The notion of soft power, as articulated in the work of Harvard political scientist Joseph Nye, is defined as ‘the ability to attract people to our side without coercion.’ Though Nye focuses primarily on the United States, this notion has gained currency around the world. India in particular is experiencing a cultural and economic ascendance that in some ways eclipses more traditional forms of geopolitical and military muscle. How does soft power apply to India’s portrayal of itself in the global marketplace of images and ideas? How does the global Indian diaspora—and the rise of its IT industry—play into India’s use of soft power? How do cultural exports such as yoga or Bollywood ‘brand’ a nation? This course explores these questions through an in-country examination of India’s airwaves and Delhi as an incubator of national identity.
The relations between Delhi as the seat of central government and the increasingly assertive state governments is a fascinating dynamic at the heart of the world’s largest democracy. But even beyond the state level, panchayats, traditional local councils composed of respected elders, exert powerful influence in the formation of policy, the elevation (or vilification) of national leaders, conflict and dialogue over land, water, and energy rights, and negotiation of gender, caste, and urban-rural divides. In such a large, complex, and rapidly developing democracy such as India, political dynamics from panchayats to Parliament offer students rich avenues for insight into broader issues of political economy, social activism, and reform.
With a political culture that may discourage direct forms of dissent, political dialogue and social discourse in China often takes place through expressive and creative avenues of contemporary culture. Through film, music, dance, and the visual arts—and delving into the heart of Beijing’s rich and vibrant contemporary culture—this course examines social and political discourse in China through the lens of its capital city.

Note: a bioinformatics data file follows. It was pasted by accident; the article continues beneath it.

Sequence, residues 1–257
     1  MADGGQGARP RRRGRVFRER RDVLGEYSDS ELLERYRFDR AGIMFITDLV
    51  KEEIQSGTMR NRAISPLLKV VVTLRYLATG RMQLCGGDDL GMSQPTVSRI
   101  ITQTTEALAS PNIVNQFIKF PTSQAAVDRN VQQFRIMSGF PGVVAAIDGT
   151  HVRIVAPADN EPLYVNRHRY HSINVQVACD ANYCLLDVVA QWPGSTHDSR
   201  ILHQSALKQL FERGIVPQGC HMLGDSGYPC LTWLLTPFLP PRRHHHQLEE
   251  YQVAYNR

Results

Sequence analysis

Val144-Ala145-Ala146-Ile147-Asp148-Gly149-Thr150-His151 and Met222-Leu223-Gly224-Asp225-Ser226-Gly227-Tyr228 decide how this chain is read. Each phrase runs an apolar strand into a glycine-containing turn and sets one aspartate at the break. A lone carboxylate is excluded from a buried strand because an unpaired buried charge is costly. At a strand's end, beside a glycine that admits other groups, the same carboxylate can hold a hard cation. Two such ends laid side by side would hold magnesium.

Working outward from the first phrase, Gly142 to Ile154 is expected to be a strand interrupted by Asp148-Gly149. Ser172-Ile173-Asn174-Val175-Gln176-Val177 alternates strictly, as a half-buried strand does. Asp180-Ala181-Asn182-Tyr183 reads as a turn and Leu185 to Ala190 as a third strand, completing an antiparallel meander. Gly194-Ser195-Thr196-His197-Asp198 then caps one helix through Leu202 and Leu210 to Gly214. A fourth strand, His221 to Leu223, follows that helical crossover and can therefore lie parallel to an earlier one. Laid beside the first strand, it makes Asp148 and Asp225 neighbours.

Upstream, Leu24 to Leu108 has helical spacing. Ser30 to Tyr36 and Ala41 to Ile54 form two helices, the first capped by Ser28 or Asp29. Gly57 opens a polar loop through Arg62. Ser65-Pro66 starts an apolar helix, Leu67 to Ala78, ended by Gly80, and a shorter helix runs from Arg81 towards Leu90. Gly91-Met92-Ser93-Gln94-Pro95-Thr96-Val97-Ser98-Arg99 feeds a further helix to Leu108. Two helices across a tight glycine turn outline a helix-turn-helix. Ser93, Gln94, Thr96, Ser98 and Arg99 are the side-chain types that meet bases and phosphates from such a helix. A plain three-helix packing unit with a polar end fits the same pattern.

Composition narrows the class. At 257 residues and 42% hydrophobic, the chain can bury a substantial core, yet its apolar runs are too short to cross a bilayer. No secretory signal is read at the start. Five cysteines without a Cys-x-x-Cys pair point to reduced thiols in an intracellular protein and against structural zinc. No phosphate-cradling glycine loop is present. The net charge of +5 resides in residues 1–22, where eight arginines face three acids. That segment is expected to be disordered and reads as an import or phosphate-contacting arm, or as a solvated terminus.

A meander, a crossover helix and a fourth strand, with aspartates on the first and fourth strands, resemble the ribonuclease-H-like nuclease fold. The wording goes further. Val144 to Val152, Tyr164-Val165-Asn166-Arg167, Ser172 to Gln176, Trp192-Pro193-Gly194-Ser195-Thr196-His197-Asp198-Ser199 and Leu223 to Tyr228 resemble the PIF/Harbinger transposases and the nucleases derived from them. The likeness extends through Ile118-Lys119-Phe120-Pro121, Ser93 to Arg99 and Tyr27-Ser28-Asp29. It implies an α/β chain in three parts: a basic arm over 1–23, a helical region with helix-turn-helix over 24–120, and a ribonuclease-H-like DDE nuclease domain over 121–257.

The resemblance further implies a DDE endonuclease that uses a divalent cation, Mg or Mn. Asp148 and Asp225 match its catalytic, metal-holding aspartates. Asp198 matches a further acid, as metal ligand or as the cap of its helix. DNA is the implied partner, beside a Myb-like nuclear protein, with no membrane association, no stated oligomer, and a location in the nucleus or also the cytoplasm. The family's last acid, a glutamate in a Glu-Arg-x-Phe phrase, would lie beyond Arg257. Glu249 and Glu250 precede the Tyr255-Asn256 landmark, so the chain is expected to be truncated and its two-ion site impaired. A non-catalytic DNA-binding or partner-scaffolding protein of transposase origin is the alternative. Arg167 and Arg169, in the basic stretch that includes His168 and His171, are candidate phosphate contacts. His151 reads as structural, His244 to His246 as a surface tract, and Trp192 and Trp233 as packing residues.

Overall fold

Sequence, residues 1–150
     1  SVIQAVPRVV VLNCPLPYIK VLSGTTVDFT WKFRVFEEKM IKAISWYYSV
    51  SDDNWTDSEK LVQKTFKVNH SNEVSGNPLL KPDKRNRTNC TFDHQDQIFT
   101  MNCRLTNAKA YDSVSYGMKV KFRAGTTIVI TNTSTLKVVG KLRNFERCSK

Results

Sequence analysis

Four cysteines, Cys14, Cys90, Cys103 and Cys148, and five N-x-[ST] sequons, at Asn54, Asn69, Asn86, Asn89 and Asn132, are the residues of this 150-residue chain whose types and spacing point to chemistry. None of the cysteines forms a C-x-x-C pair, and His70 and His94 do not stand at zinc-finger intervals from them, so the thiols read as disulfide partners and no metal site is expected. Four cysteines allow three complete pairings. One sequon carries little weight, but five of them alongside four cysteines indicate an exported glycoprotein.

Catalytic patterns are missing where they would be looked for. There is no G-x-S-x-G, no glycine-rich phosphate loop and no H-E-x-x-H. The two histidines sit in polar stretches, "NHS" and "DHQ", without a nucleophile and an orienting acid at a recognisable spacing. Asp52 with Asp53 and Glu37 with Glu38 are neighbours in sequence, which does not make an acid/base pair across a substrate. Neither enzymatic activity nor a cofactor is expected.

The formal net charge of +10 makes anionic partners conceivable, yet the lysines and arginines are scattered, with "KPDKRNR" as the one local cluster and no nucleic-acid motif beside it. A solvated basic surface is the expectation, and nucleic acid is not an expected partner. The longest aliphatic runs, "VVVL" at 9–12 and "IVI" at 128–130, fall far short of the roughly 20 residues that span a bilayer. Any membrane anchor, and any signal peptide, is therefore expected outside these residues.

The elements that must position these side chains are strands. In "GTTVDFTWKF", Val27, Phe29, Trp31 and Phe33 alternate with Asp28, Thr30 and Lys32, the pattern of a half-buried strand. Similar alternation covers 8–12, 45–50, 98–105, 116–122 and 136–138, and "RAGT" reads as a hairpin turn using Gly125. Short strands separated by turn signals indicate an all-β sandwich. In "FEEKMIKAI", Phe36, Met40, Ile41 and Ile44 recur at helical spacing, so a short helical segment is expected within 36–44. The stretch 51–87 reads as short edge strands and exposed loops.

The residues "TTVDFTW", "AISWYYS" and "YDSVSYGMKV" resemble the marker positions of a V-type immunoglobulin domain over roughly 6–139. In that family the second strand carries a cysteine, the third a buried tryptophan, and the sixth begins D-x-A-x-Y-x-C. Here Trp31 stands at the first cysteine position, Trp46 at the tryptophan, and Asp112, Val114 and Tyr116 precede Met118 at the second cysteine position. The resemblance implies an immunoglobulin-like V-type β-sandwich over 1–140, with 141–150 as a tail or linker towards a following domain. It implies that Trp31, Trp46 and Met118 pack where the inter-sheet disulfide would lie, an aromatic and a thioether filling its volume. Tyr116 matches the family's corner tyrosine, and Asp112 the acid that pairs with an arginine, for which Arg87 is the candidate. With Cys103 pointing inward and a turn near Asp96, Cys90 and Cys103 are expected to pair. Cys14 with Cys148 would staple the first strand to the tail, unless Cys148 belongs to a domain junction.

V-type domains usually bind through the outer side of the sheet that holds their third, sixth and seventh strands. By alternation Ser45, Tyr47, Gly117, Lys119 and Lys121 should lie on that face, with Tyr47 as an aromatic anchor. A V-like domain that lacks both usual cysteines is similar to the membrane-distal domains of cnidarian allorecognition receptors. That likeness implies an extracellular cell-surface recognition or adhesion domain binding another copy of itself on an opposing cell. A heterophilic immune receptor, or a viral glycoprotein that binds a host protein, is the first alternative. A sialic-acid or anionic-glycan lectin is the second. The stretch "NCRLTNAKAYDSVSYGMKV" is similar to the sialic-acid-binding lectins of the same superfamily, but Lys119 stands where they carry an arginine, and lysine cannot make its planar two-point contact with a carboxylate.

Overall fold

As a vast, rapidly evolving experiment in combining a socialist political system with a market economy, China offers a compelling case study of the intersections between a communist-inspired political ideology and the lure and promises of consumer-oriented capitalism. How does the government and ruling Communist party resolve this apparent contradiction, and how is it negotiated on the governance and policy level? How does the largest nation in the world, economic powerhouse and indefatigable producer and consumer of goods negotiate and navigate the tension between sweeping social and economic changes in society, growing disparities, and the ideological vision of its 20th-century founders? This course leverages Beijing as a seat of power in which these questions are debated and decided, exposing students to their complexities, tensions, and resolutions.
Dr. Manorajan Mohanty and Dr. Xiaohe Cheng, IAFF 350: China and India: Power, Politics, and Population
Dr. David Groth, Sociology 330: Contemporary Culture and Social Discourse
Dr. Ding Dou, POLS 381/ECON 381: Political Ideology and the Lure of the Free Market
Dr. Manindra Thakur, COMM 355 / IAFF 355: Soft Power: Cultural Capital and the Marketing of the Nation
Dr. Savita Singh, POLS 360: Center and State: From Panchayat to Parliament in the World's Largest Democracy
Credits, Grades, and Transcripts
A study abroad experience is first and foremost an academic experience. All Alliance for Global Education courses have undergone a faculty review and approval process, and are transcripted by an accredited U.S. university. For all Alliance programs through Spring 2014, transcripts are issued by Arcadia University. For Summer 2014 programs and beyond, transcripts are issued by Butler University.
While in most cases students who have received approval from their home institution to study on an Alliance program can be assured of credits transferring, it is a student’s responsibility to work with their study abroad or academic advisor and home school faculty or academic departments to ensure credit transfer for specific courses.
Credits and Accreditation
Credits granted for Alliance courses are identified in course listings on the Curriculum page for each program, and appear on the official transcript issued at the completion of a student's term. Credit is issued in U.S. semester hours, ensuring that students continue to make progress toward their degrees and verifying the full-time course load they completed while abroad.